Will your party invite Modi to campaign for the assembly election in Maharashtra?
Sure, why not! If we feel the need, we will invite him. The Shiv Sena has its own stand on Hindutva. Modi also has his stand on Hindutva. According to our need we will think about it.
What will your party's strategy be now to attract North Indian and Muslim voters?
Party strategies are confidential matters. We never announce them publicly.
I think the North Indians now understand the reality of the Mee Mumbaiker campaign, that it was not against them. [The Shiv Sena quietly dropped the campaign after the election.] And I am sure that this time they will vote for us.
As far as the Muslims are concerned, they just showed they will vote for us, but didn't actually vote for us. This time we will not believe them (Muslims).
What are the main issues in the assembly election?
There are lots of issues we have for this election. The way the Congress-NCP government is working, every day we get new issues. Issues related to the poor, the farmers and the workers. The people of these sections are very angry with the state government. So the anti-incumbency wave in Maharashtra is at a high level, which can only help us.
That means you don't need to work hard to pull down this government?
No, I always think that every examination is tough. In this examination also we will work very careful and very hard to pull down the Congress-NCP government.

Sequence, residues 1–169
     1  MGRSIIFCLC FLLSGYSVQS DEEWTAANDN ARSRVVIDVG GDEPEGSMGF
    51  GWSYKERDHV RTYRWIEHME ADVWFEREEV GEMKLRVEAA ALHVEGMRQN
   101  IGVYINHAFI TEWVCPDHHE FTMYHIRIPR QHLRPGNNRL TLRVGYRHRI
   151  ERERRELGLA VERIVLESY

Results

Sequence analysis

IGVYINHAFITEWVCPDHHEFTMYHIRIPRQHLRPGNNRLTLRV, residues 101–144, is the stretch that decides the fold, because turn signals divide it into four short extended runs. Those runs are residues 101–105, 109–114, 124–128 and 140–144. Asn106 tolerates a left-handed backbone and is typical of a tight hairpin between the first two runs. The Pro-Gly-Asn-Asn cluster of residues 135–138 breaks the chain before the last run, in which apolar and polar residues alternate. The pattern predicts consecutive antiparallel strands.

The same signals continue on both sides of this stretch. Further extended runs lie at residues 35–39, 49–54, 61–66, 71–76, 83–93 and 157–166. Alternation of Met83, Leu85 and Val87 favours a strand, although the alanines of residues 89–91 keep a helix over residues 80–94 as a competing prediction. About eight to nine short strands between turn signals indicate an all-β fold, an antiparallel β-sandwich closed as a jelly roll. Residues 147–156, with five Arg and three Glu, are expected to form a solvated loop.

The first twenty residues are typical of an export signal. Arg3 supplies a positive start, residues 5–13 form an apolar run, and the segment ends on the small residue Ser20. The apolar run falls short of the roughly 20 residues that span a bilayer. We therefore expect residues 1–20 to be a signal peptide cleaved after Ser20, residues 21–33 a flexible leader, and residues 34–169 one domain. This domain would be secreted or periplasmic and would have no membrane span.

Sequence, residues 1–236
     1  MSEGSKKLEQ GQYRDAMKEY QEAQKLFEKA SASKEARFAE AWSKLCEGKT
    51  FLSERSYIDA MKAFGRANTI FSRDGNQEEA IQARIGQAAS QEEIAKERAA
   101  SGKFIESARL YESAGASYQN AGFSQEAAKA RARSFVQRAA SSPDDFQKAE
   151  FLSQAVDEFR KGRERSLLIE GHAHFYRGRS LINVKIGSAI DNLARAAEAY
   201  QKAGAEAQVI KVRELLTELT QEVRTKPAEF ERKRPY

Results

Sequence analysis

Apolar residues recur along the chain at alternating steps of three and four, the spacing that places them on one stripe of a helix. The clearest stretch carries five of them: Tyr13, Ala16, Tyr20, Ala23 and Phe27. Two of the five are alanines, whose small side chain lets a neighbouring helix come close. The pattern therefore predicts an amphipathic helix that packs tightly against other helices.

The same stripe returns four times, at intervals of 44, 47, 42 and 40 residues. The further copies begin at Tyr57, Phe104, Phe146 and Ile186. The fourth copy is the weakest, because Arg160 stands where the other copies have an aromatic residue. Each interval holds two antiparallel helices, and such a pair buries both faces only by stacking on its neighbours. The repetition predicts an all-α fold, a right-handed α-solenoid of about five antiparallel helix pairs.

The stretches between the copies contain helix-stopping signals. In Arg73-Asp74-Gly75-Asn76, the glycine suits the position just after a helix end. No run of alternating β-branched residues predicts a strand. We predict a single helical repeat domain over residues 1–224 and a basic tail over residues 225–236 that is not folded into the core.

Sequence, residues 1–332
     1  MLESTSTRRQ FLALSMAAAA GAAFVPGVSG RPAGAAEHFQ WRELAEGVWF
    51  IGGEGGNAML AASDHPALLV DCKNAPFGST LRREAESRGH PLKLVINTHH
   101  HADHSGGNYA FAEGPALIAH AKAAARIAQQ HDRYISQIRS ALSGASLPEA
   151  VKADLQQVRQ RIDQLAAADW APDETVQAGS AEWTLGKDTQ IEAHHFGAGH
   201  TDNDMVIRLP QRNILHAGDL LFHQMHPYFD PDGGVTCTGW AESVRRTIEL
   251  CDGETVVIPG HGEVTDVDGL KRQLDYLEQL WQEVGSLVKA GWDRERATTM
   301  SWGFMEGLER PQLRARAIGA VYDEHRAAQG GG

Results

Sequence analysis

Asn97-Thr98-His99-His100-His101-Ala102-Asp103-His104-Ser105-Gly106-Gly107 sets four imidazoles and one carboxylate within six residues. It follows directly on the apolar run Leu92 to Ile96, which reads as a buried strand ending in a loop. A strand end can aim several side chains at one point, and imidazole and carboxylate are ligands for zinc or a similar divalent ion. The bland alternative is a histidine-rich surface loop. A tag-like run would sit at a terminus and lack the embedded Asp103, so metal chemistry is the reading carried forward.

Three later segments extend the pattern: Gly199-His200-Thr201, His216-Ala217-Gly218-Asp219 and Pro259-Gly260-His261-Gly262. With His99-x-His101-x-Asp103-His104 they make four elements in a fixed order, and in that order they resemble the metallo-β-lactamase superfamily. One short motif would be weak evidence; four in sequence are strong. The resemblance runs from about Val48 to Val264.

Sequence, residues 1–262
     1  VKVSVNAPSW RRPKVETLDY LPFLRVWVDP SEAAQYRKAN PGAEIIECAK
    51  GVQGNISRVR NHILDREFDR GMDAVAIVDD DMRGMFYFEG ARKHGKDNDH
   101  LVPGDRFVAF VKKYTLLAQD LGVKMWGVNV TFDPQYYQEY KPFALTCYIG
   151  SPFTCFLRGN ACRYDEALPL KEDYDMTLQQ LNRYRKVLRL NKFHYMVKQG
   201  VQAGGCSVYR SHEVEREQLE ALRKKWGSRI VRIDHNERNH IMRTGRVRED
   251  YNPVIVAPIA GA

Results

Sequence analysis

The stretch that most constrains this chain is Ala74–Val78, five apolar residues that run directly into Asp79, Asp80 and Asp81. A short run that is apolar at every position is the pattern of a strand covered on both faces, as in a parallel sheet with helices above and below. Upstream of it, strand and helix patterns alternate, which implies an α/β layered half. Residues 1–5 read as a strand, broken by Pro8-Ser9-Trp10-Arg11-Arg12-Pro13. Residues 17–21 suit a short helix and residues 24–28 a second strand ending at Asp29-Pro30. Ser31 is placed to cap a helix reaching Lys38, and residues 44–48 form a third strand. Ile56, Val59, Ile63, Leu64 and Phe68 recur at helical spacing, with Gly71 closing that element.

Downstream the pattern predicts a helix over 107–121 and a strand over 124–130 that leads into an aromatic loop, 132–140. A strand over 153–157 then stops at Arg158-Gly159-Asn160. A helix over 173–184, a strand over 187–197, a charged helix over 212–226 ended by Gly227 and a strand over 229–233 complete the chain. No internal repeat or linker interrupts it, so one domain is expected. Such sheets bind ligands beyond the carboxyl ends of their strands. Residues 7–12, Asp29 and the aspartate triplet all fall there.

Which top NDA leaders do you expect to campaign for your alliance?
See, our star campaigner is Balasaheb Thackeray, and our other leaders can also run good campaigns. We will organise joint meetings [with the BJP] during the election at which top leaders of both parties will be present. We [Sena and the BJP] have a very good understanding.
What was your experience as Lok Sabha Speaker? Do you miss it now?
I miss it very much, honestly speaking. I was handling that responsibility very well with sincerity. All parliamentarians were also very happy with my work. Many party leaders wanted that I continue that work, but unfortunately I am unable to do so. I miss them a lot and am sure they are also missing me.
Image: Uday Kuckian
The Rediff Interviews